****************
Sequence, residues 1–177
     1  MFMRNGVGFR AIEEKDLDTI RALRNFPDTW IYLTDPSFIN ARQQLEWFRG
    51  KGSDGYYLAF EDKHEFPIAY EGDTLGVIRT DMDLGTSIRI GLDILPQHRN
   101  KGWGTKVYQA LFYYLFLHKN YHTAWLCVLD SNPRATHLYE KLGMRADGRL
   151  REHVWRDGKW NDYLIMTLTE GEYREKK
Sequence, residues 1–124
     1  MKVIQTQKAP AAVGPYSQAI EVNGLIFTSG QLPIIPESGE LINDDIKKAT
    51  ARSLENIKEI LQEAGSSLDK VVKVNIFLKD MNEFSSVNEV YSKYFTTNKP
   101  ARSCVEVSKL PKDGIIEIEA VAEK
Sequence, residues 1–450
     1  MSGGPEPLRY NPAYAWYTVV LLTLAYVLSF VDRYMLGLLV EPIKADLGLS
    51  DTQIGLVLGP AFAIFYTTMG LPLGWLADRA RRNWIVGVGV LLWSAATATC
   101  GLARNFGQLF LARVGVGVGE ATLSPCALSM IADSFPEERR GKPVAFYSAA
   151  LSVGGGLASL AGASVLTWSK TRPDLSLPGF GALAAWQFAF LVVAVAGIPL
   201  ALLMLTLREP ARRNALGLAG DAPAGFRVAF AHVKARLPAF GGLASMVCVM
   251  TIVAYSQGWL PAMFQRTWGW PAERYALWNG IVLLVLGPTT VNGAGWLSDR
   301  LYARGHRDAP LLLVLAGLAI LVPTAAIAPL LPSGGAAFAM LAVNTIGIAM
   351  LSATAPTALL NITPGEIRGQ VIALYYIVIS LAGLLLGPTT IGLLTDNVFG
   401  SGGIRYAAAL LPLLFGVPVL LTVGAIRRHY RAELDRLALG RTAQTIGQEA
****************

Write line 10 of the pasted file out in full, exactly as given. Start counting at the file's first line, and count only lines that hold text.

Sequence, residues 1–450